5 while the rhetorical canons were originally

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5. While the rhetorical canons were originally developed in the service of spoken discourse, we can begin to superimpose these interrelated concepts onto the acts of writing, as teachers of writing have for millennia… As rhetoricians developed ways to invent, arrange, and deliver their speeches, they came up with the following organizational model—a model that can also apply to a written composition: Exordium : Get audience's attention (often through pathos); gain the good will of the audience through ethos appeals; introduce the topic and show relevance/immediacy (Why does this matter right now?). Narratio : Give the argument context/history by giving the background (story) of what's come before. Partitio : Identify the key reasons you're going to offer to defend your claim and map them out quickly for the audience. Confirmatio : Take each of your reasons one at a time and offer evidence to support it. Refutatio : Deal with views which refute your claim or reasons and with any other concerns the audience might have about your argument. Peroratio : Summarize your argument and offer the audience an action to take. 6. We can go far and wide in pointing to all the things that may or may not persuade or foster identification with an audience or listener. Public speakers often tell a joke or a funny story to warm up (identify with) the audience and put them in a certain frame of mind. Writers sometimes start off (or end) essays with an anecdote (little story), or catchy or quirky title, that has an accommodating effect on the reader. Some speakers or writers use naysayers or counterclaims in their messages (or certain messages); others do not. Speakers or writers may use certain phrases, terms, styles, or tones to play on readers’ or listeners’ perceptions. A speaker may have a word they use a lot, or they may use parentheticals a lot, they may In venti o n A ran gem en t S ty le M em o ry D e live ry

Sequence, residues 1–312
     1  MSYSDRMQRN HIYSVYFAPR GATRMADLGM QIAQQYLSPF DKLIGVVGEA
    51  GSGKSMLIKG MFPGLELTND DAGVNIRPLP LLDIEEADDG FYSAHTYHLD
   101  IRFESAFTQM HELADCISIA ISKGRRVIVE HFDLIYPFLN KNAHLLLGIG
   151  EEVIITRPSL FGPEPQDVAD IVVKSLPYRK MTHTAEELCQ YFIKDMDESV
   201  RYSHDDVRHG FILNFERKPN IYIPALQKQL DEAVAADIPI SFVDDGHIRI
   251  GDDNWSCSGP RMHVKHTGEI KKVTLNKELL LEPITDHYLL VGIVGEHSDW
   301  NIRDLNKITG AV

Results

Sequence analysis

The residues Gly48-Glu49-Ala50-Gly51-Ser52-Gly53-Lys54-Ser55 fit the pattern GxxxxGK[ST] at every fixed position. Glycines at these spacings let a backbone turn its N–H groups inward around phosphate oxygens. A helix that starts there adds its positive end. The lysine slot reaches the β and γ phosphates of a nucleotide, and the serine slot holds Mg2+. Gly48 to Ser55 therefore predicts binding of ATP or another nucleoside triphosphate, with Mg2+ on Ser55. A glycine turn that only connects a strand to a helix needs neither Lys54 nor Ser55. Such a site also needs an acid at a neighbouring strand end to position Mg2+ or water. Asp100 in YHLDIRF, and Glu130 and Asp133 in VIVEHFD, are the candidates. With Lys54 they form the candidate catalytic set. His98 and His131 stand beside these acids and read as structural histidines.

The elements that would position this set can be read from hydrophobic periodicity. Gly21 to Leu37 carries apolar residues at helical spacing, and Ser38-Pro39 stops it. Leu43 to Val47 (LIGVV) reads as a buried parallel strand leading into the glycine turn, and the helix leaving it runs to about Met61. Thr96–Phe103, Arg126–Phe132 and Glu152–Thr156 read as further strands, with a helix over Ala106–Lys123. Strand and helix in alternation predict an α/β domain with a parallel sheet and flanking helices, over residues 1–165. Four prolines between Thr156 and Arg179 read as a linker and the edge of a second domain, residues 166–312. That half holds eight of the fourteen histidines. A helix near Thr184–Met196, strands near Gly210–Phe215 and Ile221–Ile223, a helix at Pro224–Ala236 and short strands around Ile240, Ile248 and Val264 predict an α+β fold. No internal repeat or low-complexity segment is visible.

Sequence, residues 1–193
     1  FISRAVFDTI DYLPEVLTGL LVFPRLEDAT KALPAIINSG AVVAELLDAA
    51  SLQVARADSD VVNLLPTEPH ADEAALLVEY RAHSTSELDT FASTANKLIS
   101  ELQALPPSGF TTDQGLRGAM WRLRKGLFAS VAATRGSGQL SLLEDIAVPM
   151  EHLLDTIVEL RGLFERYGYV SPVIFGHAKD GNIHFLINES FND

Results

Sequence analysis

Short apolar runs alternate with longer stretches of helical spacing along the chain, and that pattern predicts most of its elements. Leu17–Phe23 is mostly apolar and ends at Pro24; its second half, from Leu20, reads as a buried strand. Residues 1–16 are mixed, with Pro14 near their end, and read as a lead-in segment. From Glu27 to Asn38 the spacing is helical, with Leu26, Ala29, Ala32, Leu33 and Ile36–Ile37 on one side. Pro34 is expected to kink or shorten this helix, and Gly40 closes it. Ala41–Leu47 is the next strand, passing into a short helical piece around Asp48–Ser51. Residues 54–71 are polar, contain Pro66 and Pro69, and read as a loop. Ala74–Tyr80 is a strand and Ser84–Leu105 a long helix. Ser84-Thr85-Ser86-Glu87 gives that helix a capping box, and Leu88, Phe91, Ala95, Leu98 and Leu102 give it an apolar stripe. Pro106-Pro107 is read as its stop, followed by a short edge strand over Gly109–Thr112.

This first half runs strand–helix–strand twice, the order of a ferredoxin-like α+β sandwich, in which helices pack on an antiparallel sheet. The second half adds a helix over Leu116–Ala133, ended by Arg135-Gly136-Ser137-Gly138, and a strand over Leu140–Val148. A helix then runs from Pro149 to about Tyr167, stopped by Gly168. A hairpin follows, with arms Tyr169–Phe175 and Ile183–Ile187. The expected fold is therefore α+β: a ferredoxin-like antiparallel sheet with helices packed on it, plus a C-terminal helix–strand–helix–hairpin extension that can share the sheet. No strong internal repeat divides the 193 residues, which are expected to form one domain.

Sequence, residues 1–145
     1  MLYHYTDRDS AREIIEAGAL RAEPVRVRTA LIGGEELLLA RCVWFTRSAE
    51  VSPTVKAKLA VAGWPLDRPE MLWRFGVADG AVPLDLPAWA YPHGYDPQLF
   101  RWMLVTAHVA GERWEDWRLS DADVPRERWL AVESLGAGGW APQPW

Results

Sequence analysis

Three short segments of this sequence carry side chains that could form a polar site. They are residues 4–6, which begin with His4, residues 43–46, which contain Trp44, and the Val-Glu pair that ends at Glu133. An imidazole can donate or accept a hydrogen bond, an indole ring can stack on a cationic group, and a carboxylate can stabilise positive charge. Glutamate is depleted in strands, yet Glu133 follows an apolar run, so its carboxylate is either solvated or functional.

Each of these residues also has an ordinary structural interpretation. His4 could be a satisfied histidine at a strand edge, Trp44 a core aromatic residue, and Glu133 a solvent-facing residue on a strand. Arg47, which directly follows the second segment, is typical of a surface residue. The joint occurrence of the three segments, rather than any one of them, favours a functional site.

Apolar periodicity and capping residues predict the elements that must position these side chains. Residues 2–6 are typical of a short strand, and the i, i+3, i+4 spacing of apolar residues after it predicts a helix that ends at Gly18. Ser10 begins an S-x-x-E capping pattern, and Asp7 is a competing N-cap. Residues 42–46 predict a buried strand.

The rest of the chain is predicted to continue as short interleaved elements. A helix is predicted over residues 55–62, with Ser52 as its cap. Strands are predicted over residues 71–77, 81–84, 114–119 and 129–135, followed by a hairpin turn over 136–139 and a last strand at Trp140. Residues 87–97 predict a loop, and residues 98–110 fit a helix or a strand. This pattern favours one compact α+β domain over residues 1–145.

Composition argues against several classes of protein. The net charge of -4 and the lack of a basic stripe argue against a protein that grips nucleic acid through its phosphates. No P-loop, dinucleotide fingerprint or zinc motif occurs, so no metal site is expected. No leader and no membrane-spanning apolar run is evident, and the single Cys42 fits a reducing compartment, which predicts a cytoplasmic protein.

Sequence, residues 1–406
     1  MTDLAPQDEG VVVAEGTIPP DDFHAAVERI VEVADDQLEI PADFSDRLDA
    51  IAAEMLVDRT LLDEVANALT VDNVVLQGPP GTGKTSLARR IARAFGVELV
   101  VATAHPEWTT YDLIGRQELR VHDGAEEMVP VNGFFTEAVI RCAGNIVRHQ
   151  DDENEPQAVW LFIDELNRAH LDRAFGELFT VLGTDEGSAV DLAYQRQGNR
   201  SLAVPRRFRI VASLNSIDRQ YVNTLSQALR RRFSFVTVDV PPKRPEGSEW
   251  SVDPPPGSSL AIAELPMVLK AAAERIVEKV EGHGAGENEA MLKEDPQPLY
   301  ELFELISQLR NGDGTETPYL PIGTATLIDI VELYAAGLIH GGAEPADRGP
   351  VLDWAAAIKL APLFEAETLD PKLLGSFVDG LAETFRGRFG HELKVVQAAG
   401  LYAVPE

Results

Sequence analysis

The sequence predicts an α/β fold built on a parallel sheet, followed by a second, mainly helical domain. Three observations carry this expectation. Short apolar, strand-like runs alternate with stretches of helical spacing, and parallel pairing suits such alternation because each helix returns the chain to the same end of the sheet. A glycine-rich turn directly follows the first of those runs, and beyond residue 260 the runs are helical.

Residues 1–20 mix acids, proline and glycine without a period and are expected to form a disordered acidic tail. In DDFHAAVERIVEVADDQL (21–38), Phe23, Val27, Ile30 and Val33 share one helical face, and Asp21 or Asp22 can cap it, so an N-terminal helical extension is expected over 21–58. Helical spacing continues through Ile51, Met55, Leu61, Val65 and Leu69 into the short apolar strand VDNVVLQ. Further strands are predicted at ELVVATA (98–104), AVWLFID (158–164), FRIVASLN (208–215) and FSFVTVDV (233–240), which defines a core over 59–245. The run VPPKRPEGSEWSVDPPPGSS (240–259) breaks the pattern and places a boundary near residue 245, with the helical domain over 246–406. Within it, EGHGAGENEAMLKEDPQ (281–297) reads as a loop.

27 use “I” often or rarely, or they may use stylistic tropes like metaphor or irony . So, rhetoric is concerned with both what people say and how they say it. Importantly, rhetoricians pay very close attention to how smaller parts of speech and texts— words and sentences —logically relate to larger purposes and structures of speech and texts. 7. The study of rhetoric includes building an awareness of all the things that can contribute to persuasion or identification. An awareness of the moves, strategies, and language people use—when trying to argue a point, when trying to get on someone’s “good side,” or just in everyday experience when trying to relay an interesting story to a good friend—can be a powerful, comprehensive theoretical and analytical method for approaching texts and communicative contexts, especially if we couple a theory of rhetoric with an attempt at perhaps an even broader theory of discourse… 8. Some good online resources to consult for things to consider and methods for rhetorical analysis: Very broad, but still useful: %20heuristic.htm

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